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Gen X & The (Financial) Middle Child Syndrome

Generational divides have always existed. From our great-grandparents to our grandparents to our parents to our children, each generation is unique in their approach to their financial lives. One of the major differences between each generation is how they approach retirement.

We surveyed Americans over the age of 18 on various retirement-related topics in partnership with ORC International to dig a bit deeper into generational divides.

Where do Gen Xers Stand with Retirement Preparedness?

Gen Xers are known for several things (and when we define Gen X, we’re talking about Americans aged 35-58): Friends, MTV, the “latchkey generation.” But something they are not known for, according to our survey, is retirement preparedness. Although they are a generation ahead of Millennials, they are equally unprepared for their golden years. The difference is, Gen X has a shorter time to prepare.

The majority of Gen Xers not only have less than $100,000 saved toward retirement, but 34% say they have no money saved. Additionally, 61% also say they don’t know their current net worth – yet they expect to need at least $1 million in retirement. Yet, paradoxically, the majority of Gen Xers (60%) say that sticking to a comprehensive financial plan is important for a secure retirement. This is slightly under the number of Baby Boomers (64%) who believe financial planning is crucial for retirement preparedness, and significantly over the number of Millennials (47%) who prioritize this.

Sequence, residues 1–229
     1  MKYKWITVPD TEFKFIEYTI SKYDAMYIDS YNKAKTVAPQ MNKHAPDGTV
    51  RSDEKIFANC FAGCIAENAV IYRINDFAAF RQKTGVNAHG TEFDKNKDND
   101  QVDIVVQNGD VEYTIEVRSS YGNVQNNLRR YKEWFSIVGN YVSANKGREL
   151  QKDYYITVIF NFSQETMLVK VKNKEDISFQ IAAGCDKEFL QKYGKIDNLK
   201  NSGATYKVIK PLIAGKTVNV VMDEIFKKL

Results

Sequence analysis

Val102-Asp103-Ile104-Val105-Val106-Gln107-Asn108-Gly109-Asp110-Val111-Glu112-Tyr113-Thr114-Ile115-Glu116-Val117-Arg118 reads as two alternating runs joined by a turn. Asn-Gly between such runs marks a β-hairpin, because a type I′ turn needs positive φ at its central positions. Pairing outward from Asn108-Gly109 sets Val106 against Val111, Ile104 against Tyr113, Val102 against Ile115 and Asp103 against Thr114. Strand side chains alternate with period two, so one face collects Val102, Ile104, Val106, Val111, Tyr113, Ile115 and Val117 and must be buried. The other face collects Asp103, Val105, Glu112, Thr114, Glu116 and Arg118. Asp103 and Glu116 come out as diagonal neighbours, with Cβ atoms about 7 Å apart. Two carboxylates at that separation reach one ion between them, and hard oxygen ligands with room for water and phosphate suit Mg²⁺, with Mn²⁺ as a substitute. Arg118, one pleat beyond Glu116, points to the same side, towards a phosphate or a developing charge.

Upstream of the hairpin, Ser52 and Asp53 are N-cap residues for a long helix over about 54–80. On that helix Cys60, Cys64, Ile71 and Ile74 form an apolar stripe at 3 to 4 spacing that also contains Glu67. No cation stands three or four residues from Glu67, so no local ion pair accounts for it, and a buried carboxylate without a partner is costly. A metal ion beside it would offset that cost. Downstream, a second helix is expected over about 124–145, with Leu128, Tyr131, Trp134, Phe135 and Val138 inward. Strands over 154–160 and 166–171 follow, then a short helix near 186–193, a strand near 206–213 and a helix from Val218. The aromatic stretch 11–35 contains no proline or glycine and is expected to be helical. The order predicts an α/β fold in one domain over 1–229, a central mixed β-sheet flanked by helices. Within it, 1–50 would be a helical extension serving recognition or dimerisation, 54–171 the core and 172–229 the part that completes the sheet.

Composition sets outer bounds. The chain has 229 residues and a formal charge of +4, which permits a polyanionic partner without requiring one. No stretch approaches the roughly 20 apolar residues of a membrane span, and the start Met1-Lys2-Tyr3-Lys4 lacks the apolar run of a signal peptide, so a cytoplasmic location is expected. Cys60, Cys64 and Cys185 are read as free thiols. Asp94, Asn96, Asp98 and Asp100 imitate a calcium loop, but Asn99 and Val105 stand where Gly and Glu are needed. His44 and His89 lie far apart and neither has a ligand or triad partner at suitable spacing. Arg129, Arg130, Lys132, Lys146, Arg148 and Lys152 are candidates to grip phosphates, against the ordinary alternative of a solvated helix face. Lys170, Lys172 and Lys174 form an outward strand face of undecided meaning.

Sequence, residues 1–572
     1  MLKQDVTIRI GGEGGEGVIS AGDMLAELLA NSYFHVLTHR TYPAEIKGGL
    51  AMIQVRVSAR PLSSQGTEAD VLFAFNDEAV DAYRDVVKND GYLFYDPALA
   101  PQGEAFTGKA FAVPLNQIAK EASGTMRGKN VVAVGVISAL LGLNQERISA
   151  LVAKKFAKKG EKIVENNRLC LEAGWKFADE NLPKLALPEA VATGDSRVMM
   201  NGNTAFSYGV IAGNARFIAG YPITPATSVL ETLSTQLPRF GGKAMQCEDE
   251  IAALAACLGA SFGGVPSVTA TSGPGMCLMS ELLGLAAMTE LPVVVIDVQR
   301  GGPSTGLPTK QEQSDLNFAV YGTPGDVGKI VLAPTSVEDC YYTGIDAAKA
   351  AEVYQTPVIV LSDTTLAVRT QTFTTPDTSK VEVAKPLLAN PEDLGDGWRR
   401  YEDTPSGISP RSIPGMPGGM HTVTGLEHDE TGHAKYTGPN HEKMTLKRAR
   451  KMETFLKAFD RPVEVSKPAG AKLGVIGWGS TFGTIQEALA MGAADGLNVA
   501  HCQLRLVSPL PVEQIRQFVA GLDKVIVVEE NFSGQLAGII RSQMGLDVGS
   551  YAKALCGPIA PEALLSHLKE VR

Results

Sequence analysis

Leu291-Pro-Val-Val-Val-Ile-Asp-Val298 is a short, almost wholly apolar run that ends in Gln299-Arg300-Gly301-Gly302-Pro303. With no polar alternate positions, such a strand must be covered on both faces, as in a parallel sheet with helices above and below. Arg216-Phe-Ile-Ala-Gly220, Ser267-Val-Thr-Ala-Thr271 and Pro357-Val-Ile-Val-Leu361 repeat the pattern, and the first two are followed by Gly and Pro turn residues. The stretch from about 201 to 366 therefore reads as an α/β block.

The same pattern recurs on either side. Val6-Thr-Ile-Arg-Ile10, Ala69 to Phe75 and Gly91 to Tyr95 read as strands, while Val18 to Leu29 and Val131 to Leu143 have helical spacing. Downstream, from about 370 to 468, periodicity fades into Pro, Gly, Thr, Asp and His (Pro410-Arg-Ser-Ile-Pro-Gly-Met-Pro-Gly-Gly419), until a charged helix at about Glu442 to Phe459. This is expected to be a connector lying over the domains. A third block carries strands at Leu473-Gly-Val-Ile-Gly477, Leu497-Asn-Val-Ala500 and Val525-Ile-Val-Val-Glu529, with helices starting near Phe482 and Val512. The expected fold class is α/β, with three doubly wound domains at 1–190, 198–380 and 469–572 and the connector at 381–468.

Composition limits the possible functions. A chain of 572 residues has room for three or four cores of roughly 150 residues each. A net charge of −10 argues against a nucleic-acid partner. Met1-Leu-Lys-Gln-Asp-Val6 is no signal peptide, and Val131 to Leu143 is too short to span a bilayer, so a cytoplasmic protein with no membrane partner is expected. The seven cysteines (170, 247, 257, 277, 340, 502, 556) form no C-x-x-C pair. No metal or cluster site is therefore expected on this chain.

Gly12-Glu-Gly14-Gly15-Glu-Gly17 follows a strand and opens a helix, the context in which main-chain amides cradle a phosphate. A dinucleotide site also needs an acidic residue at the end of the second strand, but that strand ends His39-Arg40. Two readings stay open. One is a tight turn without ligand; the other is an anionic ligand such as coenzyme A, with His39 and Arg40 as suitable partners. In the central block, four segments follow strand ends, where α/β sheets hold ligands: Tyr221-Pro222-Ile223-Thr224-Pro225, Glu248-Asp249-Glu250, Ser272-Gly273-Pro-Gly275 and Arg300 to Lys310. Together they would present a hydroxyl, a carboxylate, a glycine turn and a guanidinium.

What Will Gen X Rely on For Retirement?

So, if Gen Xers are so under-prepared for retirement, what exactly are they relying on to get them towards – and through – a comfortable one? According to our survey, 37% think that high income will get them there (compared to 46% of Millennials and 28% of Boomers), but only 24% of Gen Xers think that a skilled financial advisor is likely to help them reach a comfortable retirement.

You may also be wondering in light of these seemingly dire statistics, do Gen Xers take advantage of employer-sponsored plans? Even though the majority of them aren’t yet prepared for retirement, they are the generation most likely to contribute to their 401k (47%); yet at 18%, they’re the least likely to max it out. And they’re the most likely to rely on Social Security, despite its fate being unknown.

Our Take

It’s not all gloom and doom for this financial middle-child generation. If you find yourself in a precarious situation, there are some low-hanging fruit you can grab to kickstart your retirement planning. With the right plan in place and by course-correcting as soon as possible, a comfortable retirement can still be in the cards for this generation.

For some steps you can take now to improve your retirement readiness, check out our guide on 65 Ways to Retire Smart.

For more insights on the state of retirement preparedness in America, read the full press release on our survey.

Read Survey Results

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